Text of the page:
Saudi king demoted foreign minister Adel al-Jubeir, a critic of Syrian regime amid international scrutiny over killing of Saudi journalist Jamal Khashoggi.
When Saudi dissident journalist Jamal Khashoggi’s killing in Saudi Consulate in Istanbul in October put the country’s crown prince Mohammed bin Salman under international scrutiny, experts wondered if Saudi Arabia’s King Salman will intervene and curtail his son’s activity in the kingdom.
The crown prince, also known by his initials, MBS, got near total control of the kingdom when his father King Salman appointed him as his successor in June 2017. It meant MBS would also become deputy prime minister and continue his position as defence minister.
In first such event since Khashoggi’s killing, King Salman announced a major cabinet reshuffle, naming new ministers and security chiefs -- a step signalling that King Salman has no reservations in cutting him down to size.
Becca Wasser, a policy analyst at Rand Corporation said in a tweet that reshuffle of the Saudi cabinet was expected given the fallout from the Khashoggi affair.
The presidential decree over the reshuffle demoted Adel al Jubeir, a veteran diplomat who served as the country’s foreign minister, to the position of Minister of State. Jubeir was the main spokesperson for the kingdom, fielding questions about MBS's alleged role in Kashoggi's killing. He's been replaced by Ibrahim al Assaf, who served as finance minister for 20 years.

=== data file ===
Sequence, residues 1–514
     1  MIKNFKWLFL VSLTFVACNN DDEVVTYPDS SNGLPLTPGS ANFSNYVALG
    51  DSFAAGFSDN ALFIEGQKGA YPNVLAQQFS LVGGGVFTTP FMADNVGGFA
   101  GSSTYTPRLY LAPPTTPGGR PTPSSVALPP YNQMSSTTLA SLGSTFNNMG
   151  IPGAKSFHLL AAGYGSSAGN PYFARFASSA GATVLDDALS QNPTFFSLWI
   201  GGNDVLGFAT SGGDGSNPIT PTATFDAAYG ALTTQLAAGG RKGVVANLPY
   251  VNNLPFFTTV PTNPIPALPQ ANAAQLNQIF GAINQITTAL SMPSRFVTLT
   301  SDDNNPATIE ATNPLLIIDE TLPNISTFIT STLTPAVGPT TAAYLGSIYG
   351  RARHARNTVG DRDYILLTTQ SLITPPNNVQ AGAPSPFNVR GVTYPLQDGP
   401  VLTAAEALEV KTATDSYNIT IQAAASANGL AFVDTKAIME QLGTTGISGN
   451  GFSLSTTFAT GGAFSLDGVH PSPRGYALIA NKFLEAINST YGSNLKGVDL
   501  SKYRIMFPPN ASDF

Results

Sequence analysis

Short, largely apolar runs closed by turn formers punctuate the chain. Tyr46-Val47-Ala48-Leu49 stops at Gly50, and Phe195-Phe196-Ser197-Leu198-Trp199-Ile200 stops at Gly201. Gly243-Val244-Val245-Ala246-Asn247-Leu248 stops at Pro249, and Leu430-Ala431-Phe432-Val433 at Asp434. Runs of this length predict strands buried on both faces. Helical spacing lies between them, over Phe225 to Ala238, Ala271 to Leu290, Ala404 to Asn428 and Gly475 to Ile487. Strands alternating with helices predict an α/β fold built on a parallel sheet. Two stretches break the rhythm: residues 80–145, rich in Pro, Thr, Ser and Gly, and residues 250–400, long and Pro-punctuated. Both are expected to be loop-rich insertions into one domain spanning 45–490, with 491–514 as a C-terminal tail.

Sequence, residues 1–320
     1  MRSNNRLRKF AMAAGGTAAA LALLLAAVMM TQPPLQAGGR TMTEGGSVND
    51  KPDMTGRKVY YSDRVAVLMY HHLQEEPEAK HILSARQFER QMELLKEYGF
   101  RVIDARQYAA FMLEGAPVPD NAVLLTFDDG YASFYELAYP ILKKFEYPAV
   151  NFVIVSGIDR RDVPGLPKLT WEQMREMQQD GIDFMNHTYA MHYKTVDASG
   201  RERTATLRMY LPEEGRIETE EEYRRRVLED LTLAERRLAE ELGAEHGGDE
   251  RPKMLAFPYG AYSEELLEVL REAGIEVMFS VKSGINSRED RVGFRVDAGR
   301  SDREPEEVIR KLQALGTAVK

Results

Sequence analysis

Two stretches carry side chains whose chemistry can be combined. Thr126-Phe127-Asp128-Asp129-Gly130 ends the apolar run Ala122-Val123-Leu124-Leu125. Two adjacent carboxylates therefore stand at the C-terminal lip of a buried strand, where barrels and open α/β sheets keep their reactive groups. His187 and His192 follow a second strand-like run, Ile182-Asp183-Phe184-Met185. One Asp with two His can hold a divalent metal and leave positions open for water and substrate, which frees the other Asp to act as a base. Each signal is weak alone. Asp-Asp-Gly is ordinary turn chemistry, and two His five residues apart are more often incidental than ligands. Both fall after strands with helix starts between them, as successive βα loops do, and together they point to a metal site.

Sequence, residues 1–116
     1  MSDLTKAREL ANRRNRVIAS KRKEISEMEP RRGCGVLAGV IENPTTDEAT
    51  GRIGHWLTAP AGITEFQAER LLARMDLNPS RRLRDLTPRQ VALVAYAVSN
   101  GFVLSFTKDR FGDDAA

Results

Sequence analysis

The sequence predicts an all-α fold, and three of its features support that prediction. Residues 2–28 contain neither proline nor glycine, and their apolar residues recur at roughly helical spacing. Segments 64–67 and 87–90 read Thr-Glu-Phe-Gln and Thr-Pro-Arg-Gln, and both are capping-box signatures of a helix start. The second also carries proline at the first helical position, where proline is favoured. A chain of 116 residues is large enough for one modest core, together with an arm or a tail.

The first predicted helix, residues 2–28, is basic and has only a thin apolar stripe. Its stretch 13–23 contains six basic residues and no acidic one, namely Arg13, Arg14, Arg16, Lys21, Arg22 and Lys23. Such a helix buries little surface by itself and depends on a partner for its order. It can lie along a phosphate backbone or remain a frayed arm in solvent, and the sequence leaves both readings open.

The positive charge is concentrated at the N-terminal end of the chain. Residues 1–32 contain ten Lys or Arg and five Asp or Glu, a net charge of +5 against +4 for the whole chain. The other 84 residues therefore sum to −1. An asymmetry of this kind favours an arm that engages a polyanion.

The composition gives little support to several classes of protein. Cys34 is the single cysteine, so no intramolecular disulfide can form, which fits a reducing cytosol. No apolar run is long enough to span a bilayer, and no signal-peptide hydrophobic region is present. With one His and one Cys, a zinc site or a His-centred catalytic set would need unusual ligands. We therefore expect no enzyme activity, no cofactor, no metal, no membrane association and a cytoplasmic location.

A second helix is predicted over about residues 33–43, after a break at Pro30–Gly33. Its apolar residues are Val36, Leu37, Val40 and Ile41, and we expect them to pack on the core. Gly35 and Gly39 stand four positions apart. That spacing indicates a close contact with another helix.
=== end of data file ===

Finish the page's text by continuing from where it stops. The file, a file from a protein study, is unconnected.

“(Assaf) will basically follow orders, but is seen as key to rebuilding the kingdom’s tarnished image given his own positive international image,” said Neil Quilliam, a senior research fellow at Britain’s Chatham House think tank told Reuters. “So this rings in the new for the new year, but no real change.”
In November, the US intelligence agency CIA concluded that the crown prince ordered Khashoggi’s assassination by a Saudi hit squad, a finding that Turkish President Tayyip Erdogan has hinted at earlier saying that the killing was ordered by the “highest level” of Saudi leadership.
But denying the leadership’s involvement in the killing since day one, Riyadh fired five top officials and arrested 18 Saudis as a result of the initial investigation in October. The arrests and firings were widely perceived as an attempt to ease the tensions amid the international outcry for the perpetrators of the killing to be held accountable.
The killing has also brought Riyadh’s ongoing military campaign in Yemen to international attention, with US lawmakers criticising it outrightly, asking president Donald Trump to stop the war or impose sanctions against Saudi Arabia. Saudi's military intervention in Yemen was launched by MBS, marking his first political move as defence minister in 2015, which has resulted into several thousand deaths and a massive destruction.
Improving relations with Damascus through backchannels
Since he took over the reins in 2017, MBS has been working on rebranding the Kingdom’s international image with a series of reforms. The kingdom also became the US’ close partner in the Middle East after the US president’s visit to Riyadh on May 2018 for a summit.
Seeking to revive an “Arab Nato”, the major Gulf states’ leaders and Trump then galvanised power against Iran, Saudi Arabia’s regional foe.
The former foreign minister Al Jubeir has been a defender of political settlement and a strong critic of the Bashar al Assad regime in Syria, where the US has been carrying air strikes since 2014.
A recent report, however, suggested that Gulf Nations, including Saudi Arabia, are moving towards readmitting Syria back into the Arab League after Damascus was expelled as a consequence of its brutal response to protests eight years ago.
The Gulf Country the United Arab Emirates and Bahrain recently announced that they will re-open its embassies in Damascus that it had been shut since the beginning of the Syrian war.
According to al Masdar, a pro-Syrian regime news outlet, Saudi Arabia and Syria are working on political reconciliation through back channels – via UAE.